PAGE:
St. Petersburg Times
Special report
Video report
  • For their own good
    Fifty years ago, they were screwed-up kids sent to the Florida School for Boys to be straightened out. But now they are screwed-up men, scarred by the whippings they endured. Read the story and see a video and portrait gallery.
  • More video reports
Multimedia report
Print Email this storyEmail story Comment Email editor
Fill out this form to email this article to a friend
Your name Your email
Friend's name Friend's email
Your message
 

Thank Pinellas Park for services, official says

pinellas park Didn't say thank you? Lealman residents should, says one official.

By ANNE LINDBERG
Published October 18, 2006


PINELLAS PARK - Activists in Lealman, who have long fought Pinellas Park over annexation issues, have expressed many feelings about the city, but gratitude hasn't been one of them.

Yet that's what Lealman residents should feel, according to Pinellas Park council member Rick Butler.

Butler made his remarks toward the end of Thursday's Pinellas Park council meeting.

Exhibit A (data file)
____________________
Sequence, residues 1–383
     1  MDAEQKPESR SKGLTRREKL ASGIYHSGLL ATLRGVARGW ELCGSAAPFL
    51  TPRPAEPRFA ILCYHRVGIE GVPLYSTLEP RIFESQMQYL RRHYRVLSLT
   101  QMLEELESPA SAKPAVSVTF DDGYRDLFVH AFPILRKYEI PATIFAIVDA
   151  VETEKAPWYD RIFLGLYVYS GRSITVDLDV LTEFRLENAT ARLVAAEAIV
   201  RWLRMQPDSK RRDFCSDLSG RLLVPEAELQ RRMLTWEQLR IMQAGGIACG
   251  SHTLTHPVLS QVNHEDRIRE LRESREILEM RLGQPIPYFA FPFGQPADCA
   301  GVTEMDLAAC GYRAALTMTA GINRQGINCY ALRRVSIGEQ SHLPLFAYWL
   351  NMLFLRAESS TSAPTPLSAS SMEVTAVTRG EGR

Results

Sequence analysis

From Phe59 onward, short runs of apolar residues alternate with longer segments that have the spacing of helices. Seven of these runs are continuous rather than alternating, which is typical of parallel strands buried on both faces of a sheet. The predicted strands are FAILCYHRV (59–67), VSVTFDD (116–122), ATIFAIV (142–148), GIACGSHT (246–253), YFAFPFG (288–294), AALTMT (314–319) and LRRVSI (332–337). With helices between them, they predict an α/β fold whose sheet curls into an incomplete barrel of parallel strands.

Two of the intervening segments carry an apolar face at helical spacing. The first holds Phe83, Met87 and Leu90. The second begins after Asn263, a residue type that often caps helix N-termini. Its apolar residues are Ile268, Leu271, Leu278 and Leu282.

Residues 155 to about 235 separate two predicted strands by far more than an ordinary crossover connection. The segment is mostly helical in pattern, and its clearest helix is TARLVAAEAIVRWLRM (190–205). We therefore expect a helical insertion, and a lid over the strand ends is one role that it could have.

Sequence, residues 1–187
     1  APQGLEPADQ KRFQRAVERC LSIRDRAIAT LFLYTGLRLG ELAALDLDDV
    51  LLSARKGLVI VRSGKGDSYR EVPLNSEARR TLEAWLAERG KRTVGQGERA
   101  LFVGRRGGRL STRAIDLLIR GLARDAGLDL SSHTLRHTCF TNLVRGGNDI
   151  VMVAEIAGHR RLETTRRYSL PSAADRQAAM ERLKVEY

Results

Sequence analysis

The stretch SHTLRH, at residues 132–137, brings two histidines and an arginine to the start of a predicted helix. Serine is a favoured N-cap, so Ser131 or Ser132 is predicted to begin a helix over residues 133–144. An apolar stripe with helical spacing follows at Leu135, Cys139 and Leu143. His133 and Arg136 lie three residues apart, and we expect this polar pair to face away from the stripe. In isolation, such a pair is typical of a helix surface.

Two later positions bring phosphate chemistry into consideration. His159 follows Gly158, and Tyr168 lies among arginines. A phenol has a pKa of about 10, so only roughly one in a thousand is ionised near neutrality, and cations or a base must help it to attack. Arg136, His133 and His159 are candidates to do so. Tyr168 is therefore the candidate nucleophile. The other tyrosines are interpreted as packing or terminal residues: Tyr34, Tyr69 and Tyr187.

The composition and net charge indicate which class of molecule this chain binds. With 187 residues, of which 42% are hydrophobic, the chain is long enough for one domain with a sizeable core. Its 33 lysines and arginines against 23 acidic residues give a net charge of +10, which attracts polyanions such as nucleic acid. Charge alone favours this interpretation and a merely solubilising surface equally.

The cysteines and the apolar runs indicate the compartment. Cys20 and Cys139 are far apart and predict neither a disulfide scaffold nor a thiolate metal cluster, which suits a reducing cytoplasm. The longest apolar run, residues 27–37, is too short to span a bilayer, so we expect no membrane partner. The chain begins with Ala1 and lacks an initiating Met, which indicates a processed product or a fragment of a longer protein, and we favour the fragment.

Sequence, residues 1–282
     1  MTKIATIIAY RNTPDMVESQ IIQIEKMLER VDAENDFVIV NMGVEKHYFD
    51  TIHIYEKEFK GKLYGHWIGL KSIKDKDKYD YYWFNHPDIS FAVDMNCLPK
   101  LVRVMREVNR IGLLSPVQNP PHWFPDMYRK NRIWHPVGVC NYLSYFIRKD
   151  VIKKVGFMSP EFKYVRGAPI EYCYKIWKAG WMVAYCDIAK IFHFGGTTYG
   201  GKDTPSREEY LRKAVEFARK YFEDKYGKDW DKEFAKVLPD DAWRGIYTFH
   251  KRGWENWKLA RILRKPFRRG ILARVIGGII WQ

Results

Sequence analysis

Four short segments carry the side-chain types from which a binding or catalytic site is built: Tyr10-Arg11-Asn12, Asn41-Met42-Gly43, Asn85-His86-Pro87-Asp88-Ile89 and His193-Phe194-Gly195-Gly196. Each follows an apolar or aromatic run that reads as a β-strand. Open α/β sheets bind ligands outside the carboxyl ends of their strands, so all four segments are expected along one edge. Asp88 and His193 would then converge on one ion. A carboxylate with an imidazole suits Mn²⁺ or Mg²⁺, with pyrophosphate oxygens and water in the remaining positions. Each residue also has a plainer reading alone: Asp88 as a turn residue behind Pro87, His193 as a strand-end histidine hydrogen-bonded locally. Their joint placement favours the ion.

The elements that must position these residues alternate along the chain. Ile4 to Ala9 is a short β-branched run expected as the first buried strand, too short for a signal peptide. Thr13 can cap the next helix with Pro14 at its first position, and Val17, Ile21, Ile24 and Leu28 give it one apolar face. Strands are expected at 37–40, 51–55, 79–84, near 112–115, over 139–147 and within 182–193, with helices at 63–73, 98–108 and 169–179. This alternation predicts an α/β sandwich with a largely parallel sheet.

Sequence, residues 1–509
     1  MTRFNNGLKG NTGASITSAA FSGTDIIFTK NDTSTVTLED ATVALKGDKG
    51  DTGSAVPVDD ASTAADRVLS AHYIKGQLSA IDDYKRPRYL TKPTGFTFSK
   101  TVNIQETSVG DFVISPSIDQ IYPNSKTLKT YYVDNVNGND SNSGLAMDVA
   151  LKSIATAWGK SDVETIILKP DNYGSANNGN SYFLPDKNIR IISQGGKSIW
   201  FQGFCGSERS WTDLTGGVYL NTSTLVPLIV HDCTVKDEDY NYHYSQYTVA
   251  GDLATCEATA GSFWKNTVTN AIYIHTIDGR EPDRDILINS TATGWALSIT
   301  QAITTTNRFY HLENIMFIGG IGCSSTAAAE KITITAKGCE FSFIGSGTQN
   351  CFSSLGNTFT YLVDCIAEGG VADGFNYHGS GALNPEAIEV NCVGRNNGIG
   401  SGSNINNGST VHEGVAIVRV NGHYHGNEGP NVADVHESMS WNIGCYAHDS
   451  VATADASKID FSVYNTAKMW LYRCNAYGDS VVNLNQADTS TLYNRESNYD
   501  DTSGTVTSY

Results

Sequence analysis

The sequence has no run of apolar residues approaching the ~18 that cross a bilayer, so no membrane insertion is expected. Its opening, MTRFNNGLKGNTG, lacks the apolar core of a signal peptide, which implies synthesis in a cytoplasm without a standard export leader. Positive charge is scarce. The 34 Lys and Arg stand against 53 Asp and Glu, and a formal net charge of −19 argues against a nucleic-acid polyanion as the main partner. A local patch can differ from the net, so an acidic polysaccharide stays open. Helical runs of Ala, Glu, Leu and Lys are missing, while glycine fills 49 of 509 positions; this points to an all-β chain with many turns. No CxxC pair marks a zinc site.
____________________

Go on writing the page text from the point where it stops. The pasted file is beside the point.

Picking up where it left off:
Members had taken the stage to lobby against the recommendations of the Charter Review Committee and bash the county for wasting tax money by encouraging voters to pass the seven charter amendments, which they believe undermine cities' power.

Pinellas Park council members and former Mayor Cecil Bradbury did not mention the money cities have spent to send out mailers encouraging voters to reject the amendments and in their lawsuit to get the issues off the ballot.

Bradbury opened the verbal barrage by waving the flier he'd received in the mail urging him to vote for the charter changes.

Then Butler turned on Lealman. Until Pinellas Park began annexing, he said, no one knew the area was there, the people had not organized and the county was ignoring them.

Since then, he said, the county has begun providing services. It's all thanks to Pinellas Park, he said.

Ray Neri, head of the Lealman Community Association, later said Butler got it wrong and right.

First, Neri said, the county came into Lealman in the late 1990s to create a revitalization area because then-county Commissioner Barbara Sheen Todd had promised help to residents. As for annexation, Neri said, "the shot that woke us up was Seminole."

But, in a "crazy kind of way," Butler is right, Neri said.

When activists were first organizing, they approached Butler, who, "to give the devil his due, encouraged us to do something."

[Last modified October 17, 2006, 21:40:20]


Share your thoughts on this story

[an error occurred while processing this directive]
Subscribe to the Times
Click here for daily delivery
of the St. Petersburg Times.

Email Newsletters

ADVERTISEMENT